The fund, the biggest single investment in health infrastructure ever made by an Australian government, is part of the Government’s reform agenda to equip Aus- tralia’s health and hospital system for the future’’, Health Minister Nicola Roxon says.
It’s also a way of quietening the concerns of the states and territories about former health fund members adding to the queues at their public hospitals. But it will only buy their silence for so long. The Rudd Government has already postponed new federal-state health funding agreements once, pushing the deadline for striking a new deal till the end of the year. Further, the long and often bitter negotiations will only focus attention on the delay between when Kevin Rudd first promised real improvements and funding boosts to public hospitals, and when they will be delivered.
The problem he and Roxon face in health is that they’re dealing with more immediate, inter-related problems than any one budget or flagship long-term investment fund can solve.
They want, for example, to move away from six-minute medicine’’ but will have to revamp the complex 700-plus page Medicare schedule of services billed by doctors and other health workers to do so.
They want to make healthcare more accessible in the bush, but must boost and redistribute the health workforce first. And they want to co-ordinate care for the chronically ill, but will have to take on professional silos between doctors, nurses and other health workers to achieve that end.
These changes may come, yet the start made in this week’s budget was a modest one. Even the Rudd Government’s much-vaunted preventive health strategy — selling the simple messages of nutrition, exercise and health screening — won’t be delivered before June next year, waiting as it is on yet another taskforce report.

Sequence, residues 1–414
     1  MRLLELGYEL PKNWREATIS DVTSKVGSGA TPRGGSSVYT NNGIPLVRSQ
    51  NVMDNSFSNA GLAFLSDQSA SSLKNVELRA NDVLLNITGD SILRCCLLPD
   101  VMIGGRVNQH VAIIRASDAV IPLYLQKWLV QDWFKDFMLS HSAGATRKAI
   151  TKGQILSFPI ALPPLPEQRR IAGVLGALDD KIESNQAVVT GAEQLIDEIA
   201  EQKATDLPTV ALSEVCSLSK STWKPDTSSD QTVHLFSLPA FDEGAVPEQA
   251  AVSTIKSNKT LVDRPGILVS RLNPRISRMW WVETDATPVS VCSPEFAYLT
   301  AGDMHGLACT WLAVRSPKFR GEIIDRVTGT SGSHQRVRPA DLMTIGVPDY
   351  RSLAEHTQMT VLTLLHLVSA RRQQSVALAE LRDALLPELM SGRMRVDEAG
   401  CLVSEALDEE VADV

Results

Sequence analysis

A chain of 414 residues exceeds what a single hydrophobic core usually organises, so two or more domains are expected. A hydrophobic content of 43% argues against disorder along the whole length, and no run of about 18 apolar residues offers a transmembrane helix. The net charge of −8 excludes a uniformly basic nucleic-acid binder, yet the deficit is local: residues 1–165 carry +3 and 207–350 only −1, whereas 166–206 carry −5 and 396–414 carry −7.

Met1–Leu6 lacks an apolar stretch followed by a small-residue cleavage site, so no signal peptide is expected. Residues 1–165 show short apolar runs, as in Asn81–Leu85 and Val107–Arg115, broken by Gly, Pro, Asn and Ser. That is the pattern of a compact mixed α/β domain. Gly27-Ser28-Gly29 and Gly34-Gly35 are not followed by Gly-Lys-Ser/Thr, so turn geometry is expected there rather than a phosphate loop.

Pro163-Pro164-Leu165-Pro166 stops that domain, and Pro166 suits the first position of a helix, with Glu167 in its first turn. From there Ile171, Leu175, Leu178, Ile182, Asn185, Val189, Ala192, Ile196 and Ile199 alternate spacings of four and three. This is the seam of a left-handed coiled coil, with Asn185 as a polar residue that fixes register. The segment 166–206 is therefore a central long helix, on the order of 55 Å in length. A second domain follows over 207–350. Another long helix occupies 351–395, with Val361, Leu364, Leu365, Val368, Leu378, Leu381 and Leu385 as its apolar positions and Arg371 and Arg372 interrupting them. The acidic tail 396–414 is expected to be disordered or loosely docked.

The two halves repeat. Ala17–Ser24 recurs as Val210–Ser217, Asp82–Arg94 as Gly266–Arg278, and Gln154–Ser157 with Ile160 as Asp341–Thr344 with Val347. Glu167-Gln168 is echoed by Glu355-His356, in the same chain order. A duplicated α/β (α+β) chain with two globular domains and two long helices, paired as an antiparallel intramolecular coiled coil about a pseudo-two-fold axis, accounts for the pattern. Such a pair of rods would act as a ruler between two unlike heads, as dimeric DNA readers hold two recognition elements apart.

As a result, the budget measures federal Labor rolls out ahead of its broader reforms risk appearing ad hoc, out of context or, at worst, downright opportunistic.
Last month’s 70 per cent hike in the tax on alcopops, for instance, won’t, as Nicola Roxon first implied, result in a cut to current consumption levels of the flavoured premixed drinks.
Treasury modelling has since shown the $3.1 billion tax will not reverse growth in the volume of alcopops drunk, leaving her exposed her to Opposition attack. Opposition health spokesman Joe Hockey asked this week: How can the Rudd Government claim they are initiating a new health measure when they predict an increase in alcohol consumption?’’
The tax will return revenue to the Government’s contingency reserve for over a year before Roxon’s promise that it will help fund Australia’s biggest preventive health push is realised.
Little wonder Hockey claims the public expects more of a legacy from the health budget than higher taxes and more pressure on public hospitals from falling private health membership: The Rudd Government’s first budget has failed its health check’’.
Ambulances queue: The Rudd Government has allocated $10 billion for ailing hospital infrastructure